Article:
POGL Tips and Tutorials

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Full Screen Mode

Game developers often use Full Screen mode to gain control of the user's entire display. GLUT provides a portable mechanism to switch POGL to Full Screen mode:

Calling glutFullScreen(); anytime outside of the rendering cycle will switch your OpenGL window to Full Screen mode.

Calling glutReshapeWindow($width,$height); resets to normal mode.

Special Notes:

  • On Windows, glutReshapeWindow puts the OpenGL Window frame outside of the user's desktop area; you need to call glutPostitionWindow($x,$y); to offset the window.

  • On some X11 window managers, glutFullScreen(); does not hide the window frame; instead, call glutReshapeWindow and glutPostitionWindow to place the frame outside the desktop.

glpOpenWindow supports a Full Screen Game Mode on some platforms - however, glpOpenWindow is not yet fully portable (fails on Windows and MacOS). The POGL team plans to make glpOpenWindow fully portable in a future release, and will add a glpRestoreWindow API.

Frame Buffer Objects

The GL_framebuffer_object extension provides support for hardware offscreen rendering. This allows a program to instruct the GPU to render to GPU memory, which can then be used as a texture, or other data. This provides dramatically enhanced performance over systems that render to offscreen system memory.

Vertex and Fragment Programs

The Vertext Program extension allows you to load assembly-like instructions to your GPU to dynamically modify vertex data. This allows you to animate or reshape your vertices/objects. Similarly, the Fragment Program extension alows you to load assembly-like instructions to your GPU to dynamically modify fragment data. You can think of fragments as virtual pixels - data that has not yet been resolved to a device pixel.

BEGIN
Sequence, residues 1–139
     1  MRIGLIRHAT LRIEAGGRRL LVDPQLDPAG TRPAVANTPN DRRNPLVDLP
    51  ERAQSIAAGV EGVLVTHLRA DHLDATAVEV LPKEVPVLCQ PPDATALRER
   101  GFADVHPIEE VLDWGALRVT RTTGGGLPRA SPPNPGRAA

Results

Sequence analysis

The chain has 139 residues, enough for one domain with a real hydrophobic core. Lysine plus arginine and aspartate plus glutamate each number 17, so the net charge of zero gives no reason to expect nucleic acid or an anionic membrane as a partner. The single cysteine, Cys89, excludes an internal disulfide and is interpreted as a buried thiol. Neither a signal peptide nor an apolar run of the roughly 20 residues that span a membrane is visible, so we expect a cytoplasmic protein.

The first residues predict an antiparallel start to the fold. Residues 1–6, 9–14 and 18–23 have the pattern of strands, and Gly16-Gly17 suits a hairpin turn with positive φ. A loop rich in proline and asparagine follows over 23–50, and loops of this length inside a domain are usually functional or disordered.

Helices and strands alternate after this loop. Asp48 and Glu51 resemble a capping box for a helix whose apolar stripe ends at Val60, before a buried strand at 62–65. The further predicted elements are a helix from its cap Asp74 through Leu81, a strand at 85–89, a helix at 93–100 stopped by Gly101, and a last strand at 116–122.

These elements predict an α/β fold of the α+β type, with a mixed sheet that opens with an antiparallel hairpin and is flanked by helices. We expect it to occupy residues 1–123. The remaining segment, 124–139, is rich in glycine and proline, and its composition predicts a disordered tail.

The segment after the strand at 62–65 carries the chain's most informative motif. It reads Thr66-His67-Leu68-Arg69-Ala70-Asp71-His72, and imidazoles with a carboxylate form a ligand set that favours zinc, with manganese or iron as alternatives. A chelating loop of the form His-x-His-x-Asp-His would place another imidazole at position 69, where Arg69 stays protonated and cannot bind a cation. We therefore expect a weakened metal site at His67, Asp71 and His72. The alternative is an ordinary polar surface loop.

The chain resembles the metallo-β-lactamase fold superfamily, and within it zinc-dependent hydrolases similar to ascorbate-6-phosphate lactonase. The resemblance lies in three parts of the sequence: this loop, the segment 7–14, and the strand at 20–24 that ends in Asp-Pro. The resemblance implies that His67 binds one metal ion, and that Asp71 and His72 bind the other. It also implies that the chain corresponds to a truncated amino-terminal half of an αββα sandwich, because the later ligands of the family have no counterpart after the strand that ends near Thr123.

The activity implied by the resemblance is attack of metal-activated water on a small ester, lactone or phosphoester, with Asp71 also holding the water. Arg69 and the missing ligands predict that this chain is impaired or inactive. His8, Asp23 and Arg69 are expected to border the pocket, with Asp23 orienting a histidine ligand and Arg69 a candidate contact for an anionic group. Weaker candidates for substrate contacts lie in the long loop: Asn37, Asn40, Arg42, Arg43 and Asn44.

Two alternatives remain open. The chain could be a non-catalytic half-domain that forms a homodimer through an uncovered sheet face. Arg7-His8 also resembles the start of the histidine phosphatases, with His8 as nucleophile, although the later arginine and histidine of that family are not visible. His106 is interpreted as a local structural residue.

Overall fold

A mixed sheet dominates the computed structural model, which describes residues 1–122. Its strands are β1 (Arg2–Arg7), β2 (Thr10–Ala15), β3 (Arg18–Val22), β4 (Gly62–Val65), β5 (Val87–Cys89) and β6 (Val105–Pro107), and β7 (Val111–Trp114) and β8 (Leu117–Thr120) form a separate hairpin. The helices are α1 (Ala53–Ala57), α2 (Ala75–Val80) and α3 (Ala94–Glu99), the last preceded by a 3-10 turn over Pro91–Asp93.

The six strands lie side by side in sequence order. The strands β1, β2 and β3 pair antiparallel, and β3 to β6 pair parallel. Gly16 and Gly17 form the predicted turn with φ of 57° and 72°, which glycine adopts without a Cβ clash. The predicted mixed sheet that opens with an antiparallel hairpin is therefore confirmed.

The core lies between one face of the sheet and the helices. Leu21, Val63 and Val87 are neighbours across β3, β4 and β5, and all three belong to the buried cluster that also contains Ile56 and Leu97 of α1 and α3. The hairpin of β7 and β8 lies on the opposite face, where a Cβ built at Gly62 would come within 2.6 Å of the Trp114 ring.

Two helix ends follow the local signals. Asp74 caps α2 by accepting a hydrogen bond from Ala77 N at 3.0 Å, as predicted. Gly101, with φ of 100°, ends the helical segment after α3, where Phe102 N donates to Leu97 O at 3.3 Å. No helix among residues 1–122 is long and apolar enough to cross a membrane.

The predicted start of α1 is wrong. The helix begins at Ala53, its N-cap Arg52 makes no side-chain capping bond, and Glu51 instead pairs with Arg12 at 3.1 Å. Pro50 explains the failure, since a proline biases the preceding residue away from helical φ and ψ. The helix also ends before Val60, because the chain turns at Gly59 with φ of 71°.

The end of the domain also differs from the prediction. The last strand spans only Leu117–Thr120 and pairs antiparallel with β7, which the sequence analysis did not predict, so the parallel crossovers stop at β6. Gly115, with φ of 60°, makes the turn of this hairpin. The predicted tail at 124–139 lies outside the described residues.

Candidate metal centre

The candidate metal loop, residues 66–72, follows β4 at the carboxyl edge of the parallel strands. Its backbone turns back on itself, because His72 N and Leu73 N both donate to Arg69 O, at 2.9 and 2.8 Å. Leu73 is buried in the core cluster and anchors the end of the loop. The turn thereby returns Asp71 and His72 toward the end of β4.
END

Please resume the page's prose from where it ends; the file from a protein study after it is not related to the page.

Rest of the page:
OpenGL provides a pipeline where a model is composed of objects, which are constructed of facet primitives (meshes, polygons, strips, quads, triagles), that are defined by vertices.

These vertices are passed through a Vertex Program/Shader, which may manipulate attributes associated with the vertices, and sets up attributes that may later be used by the Fragment Program/Shader.

OpenGL steps through all your facets, passing their vertices to your Vertex Program, then rasterizes the fragments contained by the transformed facet, and passes this on to the Fragment Program, which then calculates the final pixel value.

Vertex Program Example:

Fragment Program Example:

Note: the MOV result.texcoord[0], vertex.texcoord; in the Vertex Program is passed into the Fragment Program: MUL color, fragment.texcoord[0].y, 2;.

Using Vertex and Fragment Programs together: